Thursday, October 1, 2020

A Letter From Paradise, Let Tomorrow Be

Photo by me, September 2020

 

This photo is taken at home away from home in Fort Lauderdale, where I am most happy and no place suits me better. It was the best place to recoup after the publication of Dweller On The Boundary. I sat out on the patio for days and watched boats on the canal, lizards play, stray cats hunt, evenings fade into night and the storm clouds boil over the Everglades. I was tired after decades of living with that book. I aged a few years writing it and I am glad it is over, like a fever broke and I can rejoin the world. I am ensconced in Atlanta again and this fall and early winter I plan to wrap up writing the 1980s short story collection and have it out in January of next year. I have a book of poetry I would like to publish too, but who reads poetry?

I cannot go to Florida and not think about the Christopher Cross song, Sailing. It reminds me of being a boy in the back of the Cadillac sliding around on the cold leather backseat in the early morning hours on the way down to Florida. “It's not far down to paradise, at least it's not for me,” Cross sang. Paradise for me is ten hours away by car from Atlanta. Fort Lauderdale was deserted, it is one of those places that is alive with people year-round and it was not this time for the first time in the eleven years I have been going down. The water taxis were not even running. The coronavirus has kept away the Europeans and Canadians and most of the domestic travelers too. It was nice to have the place to ourselves, but the local economy has suffered with their absence.

The South Florida weather was in the 90s with soupy humidity and rounds of storms. The weather never panned out for a trip down to Key West, but I've seen it before and it will be there some other time. If you never have made the drive out from Miami down through the Keys, it is one incredible trip down the chain of islands that become smaller and smaller as you go. At some points it is like driving across the ocean. That road is a good reminder of how small we are as humans in the face of nature.

I met up in Florida with someone that I have known for years and they asked me questions about the book and I found it difficult to talk about face to face. Maybe I can't do that after running emotionally naked for three hundred pages. It was easier to let it all hang out on the beach at Haulover in Bal Harbour in front of hundreds of strangers than to say what I wrote. Don't cringe, it was in my younger years that I was lounging on nude beaches. I am terrible at describing the book and simply say, “it is a brutal story.” That seems like a fair and succinct assessment.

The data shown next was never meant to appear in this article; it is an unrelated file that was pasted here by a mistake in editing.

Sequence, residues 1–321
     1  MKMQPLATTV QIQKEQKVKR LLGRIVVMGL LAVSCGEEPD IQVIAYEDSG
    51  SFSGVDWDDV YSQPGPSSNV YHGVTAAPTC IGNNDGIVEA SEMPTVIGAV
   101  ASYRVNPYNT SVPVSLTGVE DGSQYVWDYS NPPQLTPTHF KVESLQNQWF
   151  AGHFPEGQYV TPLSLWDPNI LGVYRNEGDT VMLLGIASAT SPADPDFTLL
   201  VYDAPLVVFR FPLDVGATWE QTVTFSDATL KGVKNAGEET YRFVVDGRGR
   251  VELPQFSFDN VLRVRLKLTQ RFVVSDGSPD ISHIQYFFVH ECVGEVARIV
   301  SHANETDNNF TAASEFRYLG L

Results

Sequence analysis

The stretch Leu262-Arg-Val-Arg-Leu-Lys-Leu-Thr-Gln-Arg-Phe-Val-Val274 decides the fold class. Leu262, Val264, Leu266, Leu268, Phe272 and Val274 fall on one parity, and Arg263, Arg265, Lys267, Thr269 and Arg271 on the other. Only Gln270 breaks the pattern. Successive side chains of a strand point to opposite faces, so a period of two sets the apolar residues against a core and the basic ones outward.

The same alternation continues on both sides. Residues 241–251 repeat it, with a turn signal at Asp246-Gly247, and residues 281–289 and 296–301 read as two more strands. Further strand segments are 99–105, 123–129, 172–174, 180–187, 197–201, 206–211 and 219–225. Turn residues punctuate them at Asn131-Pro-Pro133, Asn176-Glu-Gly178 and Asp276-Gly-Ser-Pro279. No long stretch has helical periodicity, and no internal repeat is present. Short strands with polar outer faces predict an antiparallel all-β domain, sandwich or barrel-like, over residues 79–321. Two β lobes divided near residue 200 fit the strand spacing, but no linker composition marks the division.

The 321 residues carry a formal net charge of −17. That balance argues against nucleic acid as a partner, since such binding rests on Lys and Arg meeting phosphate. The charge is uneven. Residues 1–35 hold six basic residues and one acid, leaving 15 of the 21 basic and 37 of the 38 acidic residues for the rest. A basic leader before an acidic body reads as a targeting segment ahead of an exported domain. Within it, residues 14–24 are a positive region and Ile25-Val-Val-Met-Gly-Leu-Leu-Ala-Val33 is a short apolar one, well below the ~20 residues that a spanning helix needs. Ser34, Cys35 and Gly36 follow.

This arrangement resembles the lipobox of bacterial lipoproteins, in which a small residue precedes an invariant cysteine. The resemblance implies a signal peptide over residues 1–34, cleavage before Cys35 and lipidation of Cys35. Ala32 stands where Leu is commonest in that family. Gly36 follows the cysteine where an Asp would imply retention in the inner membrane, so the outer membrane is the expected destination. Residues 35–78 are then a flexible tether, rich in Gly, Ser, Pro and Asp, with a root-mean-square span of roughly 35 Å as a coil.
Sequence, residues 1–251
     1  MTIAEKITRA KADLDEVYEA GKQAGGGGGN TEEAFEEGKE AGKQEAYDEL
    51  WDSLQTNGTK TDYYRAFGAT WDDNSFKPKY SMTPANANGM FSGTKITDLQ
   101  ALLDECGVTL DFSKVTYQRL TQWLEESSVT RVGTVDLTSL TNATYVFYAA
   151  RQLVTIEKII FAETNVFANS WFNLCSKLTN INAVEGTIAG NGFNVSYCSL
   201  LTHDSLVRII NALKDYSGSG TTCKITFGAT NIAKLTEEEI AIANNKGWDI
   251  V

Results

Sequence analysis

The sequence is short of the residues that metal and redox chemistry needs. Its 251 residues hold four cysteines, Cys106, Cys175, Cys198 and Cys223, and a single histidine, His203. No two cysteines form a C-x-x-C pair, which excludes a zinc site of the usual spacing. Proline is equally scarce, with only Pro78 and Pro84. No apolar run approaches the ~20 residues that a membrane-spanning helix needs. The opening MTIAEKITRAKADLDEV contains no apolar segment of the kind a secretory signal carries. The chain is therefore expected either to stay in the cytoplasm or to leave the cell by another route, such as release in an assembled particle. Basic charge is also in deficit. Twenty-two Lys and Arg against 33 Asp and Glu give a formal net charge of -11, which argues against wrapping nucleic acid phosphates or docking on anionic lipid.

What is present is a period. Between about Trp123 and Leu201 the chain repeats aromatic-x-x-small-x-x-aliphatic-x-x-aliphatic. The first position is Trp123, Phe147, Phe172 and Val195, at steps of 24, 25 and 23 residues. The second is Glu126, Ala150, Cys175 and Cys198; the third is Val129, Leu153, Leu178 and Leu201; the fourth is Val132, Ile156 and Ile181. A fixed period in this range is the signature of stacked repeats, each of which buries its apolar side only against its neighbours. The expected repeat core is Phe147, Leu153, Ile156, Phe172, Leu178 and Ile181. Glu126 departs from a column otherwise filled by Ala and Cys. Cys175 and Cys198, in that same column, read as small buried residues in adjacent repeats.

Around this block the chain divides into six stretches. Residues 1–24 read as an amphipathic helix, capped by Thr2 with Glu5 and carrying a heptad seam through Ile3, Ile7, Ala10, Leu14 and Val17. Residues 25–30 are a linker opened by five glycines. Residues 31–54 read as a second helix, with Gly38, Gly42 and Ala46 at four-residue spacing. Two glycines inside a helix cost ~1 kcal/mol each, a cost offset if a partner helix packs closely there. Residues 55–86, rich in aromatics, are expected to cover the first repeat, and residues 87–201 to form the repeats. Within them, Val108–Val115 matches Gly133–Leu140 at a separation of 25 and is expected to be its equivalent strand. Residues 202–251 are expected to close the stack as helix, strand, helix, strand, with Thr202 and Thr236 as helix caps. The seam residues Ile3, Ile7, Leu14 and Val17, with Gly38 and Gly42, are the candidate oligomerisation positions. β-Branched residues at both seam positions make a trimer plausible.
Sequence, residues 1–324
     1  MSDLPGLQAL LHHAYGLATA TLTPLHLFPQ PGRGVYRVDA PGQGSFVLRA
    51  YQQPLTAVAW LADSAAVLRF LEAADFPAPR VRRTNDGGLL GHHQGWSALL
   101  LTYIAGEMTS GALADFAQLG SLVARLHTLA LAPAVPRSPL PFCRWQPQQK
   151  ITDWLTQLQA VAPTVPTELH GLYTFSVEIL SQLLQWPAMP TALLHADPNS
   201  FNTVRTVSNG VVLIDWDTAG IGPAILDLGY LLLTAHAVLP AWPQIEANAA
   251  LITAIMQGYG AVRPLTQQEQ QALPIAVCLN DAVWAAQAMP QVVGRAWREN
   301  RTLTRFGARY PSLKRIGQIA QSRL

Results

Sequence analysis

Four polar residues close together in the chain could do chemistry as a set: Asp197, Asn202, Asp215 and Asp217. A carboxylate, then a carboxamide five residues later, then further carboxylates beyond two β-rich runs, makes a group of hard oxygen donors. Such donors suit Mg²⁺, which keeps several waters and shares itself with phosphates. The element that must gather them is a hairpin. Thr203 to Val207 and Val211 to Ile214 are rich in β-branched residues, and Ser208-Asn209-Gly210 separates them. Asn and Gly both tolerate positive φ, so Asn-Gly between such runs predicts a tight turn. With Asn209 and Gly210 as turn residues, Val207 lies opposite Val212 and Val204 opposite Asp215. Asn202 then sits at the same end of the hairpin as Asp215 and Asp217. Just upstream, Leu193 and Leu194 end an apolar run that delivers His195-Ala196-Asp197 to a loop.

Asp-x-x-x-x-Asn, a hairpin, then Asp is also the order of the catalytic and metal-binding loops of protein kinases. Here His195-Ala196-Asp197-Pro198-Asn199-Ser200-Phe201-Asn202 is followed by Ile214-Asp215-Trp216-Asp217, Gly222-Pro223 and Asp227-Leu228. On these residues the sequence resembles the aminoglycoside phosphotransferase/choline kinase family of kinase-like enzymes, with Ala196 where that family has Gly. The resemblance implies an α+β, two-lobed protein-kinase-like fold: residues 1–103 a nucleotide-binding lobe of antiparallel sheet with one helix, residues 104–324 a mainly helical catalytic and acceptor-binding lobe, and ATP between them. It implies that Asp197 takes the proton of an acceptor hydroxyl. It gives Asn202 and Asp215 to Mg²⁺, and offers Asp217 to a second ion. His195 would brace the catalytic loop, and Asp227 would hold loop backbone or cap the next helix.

I had planned to read while I was away, but I wrote instead. What was on my mind was the late 80s Joan Didion book, Miami. It is about the Cuban exiles in Miami and the American political machinations involving them. People have this idea of Miami as being this liberal bastion at the end of Florida, but it really is not. The Cuban exiles, which have ascended the local political and business ladders in Miami are reliably Republican voters. Miami is cosmopolitan, chic, dirty like Los Angeles and not the place it appears to be at first glance. Tourists come down and run wild in Miami Beach and South Beach like children at recess with frozen drinks in both hands guzzling them from colorful and grotesquely over-sized plastic cups, but that is not Miami. It is a chaotic mangrove of bad traffic, graffiti, loud music, extreme disparities in wealth and trash filled gutters if you step away from the groomed sandy beaches. There is a messy city beyond Collins Avenue, the glamorous money laundering towers with water views and the walled gardens of Coconut Grove. I hate Miami, it repulses me and I still stare like passing a woman in threadbare and stringy cut offs wearing nothing underneath. Miami is a place for people who think they know Florida, but are willfully ignorant about the rest of the state. I could not get Didion's book out of my head since we are in an election year and Florida is as important as ever to both parties. Both campaigns are advertising heavily on radio and billboards down there, I cannot speak for television since I never watch it, but I assume it is just as saturated. I have an idea who is going to win in November and I'll say no more. We are too divided in this country with nonstop politics even in retail stores like The Gap with window displays of overly serious looking young models telling people to vote like the world is going to end. I am convinced so many people have lost their sense of humor and grasp of reality. We could use some Molly Ivins right about now to lighten things up or Gore Vidal to slice through the horseshit with his wicked tongue. I do not care for whom you vote, that is your decision as it should be. Vote for The Pink Panther or whatever computer is singing the latest pop song on the radio if you wish.